Four ships would be name posthumously after the heroic admiral, bearing the motto “Ik val aan, volg mij” (I am attacking, follow me). These words (and signal) however is likely has never been pronounced. At Kloosterkerk (The Hague), there is a memorial plaque, and commemorations for the Battle of the Java Sea are held there each year.
From the summer of 1940 until Pearl Harbor, De Ruyter patrolled the East Indies, from the Surabaya squadron Naval base. On 27 January 1941, J.H. Solkesz took command of the cruiser. In March, she escorted the passengership Oranje (20.017 GRT) on her first trip to Singapore, leaving her to return to the Moluccas. She then moved with other KNIL units near Morotai on March, 19. She had her boiler repaired at the end of the month and performed post-refit sea trials and additional training.
on April 22, 1941, HrMs De Ruyter was based in Soerabaja, and in May, a message came about two German merchants vessels escorted by the Italian colonial patrol sloop Eritrea left Japan. Thus, the admiralty planned and interception and the squadron was sent to the eastern archipelago. But they never received news of the convoy, which left the area and came back home unscaved.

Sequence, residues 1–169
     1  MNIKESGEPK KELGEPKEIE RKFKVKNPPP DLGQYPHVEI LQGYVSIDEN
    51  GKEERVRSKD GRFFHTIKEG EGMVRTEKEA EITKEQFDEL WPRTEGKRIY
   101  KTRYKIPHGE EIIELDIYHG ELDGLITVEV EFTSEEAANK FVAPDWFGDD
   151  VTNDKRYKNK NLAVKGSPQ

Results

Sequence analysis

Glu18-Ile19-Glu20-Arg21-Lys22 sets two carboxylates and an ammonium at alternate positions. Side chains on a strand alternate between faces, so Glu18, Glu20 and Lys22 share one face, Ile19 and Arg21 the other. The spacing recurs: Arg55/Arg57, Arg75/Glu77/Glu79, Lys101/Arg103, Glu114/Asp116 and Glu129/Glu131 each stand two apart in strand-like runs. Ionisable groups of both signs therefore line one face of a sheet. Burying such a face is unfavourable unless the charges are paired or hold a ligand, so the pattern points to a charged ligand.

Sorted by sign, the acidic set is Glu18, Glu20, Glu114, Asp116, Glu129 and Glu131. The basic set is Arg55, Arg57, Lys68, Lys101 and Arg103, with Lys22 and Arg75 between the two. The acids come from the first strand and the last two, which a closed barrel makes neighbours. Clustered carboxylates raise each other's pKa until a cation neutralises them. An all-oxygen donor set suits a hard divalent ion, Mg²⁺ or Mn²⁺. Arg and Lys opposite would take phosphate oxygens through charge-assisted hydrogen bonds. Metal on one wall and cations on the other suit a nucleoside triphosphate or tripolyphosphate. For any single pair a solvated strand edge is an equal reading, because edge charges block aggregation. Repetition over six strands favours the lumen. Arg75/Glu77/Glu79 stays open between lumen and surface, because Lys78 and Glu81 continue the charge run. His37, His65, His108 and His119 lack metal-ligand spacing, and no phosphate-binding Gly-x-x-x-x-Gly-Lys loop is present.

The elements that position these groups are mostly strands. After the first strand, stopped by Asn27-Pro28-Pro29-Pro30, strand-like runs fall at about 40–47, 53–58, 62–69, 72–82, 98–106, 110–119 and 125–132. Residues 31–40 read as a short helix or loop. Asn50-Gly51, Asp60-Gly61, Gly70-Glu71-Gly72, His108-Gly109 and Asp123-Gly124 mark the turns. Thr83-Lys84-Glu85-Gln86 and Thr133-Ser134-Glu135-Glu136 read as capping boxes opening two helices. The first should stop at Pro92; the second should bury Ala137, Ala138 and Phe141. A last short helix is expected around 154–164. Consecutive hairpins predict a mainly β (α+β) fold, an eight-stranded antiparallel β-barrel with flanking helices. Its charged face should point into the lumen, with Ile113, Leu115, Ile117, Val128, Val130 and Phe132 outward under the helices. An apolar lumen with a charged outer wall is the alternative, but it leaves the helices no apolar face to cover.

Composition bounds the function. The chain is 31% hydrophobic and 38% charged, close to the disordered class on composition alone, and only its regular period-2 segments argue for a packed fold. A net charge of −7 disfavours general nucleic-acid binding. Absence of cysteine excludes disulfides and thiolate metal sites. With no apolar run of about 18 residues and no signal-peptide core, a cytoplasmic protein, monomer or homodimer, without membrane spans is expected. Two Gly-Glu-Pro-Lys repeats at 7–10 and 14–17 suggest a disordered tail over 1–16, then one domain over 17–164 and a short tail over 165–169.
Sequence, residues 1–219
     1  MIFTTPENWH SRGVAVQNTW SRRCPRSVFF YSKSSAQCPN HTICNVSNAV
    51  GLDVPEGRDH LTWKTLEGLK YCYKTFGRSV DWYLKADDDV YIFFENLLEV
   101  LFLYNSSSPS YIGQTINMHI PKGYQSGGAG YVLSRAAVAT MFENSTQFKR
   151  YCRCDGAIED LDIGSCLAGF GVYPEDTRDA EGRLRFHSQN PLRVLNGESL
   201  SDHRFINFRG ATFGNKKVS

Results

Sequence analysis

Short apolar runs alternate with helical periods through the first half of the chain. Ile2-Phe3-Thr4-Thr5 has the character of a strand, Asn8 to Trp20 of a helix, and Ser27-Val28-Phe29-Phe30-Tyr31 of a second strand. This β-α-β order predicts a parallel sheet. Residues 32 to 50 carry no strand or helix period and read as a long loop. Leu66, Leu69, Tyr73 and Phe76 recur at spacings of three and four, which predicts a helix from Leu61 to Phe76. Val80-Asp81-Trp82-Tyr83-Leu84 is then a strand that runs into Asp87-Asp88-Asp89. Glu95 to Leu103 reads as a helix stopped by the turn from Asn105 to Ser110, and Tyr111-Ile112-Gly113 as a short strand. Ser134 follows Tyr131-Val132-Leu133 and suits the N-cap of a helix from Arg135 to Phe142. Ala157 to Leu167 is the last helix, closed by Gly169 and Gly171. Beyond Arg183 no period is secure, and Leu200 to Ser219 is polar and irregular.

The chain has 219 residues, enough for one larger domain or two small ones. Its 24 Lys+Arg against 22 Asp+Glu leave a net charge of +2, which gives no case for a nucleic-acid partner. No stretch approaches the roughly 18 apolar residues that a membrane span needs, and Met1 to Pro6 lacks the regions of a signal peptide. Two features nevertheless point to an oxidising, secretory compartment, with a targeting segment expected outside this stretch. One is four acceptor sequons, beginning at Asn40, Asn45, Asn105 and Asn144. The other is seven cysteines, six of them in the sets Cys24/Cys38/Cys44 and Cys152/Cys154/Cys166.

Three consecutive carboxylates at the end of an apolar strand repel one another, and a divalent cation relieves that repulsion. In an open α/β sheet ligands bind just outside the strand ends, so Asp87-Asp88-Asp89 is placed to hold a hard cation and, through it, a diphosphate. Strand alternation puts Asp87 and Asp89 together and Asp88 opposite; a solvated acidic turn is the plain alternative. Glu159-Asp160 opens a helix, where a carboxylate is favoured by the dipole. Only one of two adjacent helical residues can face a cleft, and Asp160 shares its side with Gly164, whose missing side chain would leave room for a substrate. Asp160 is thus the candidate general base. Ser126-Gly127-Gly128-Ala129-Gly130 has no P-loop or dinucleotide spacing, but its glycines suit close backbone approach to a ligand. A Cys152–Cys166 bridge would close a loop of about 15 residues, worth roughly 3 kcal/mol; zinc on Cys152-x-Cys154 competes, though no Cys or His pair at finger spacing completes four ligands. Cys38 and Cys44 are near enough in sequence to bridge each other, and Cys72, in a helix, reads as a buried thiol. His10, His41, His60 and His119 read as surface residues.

On August 8 1941, Commander E.E.B. Lacomblé took command, relieving J.H. Solkesz. Both him and Doorman served well together and met the same fate in February 1942. In November 1941, with tension growing even larger between the USA and Japan, HrMs De Ruyter sailed wit the destroyers Banckert, Witte de With, Kortenaer and Piet Hein to Koepang. Messages were intercepted indeed to indicate a possible coup against Timor. However nothing happened.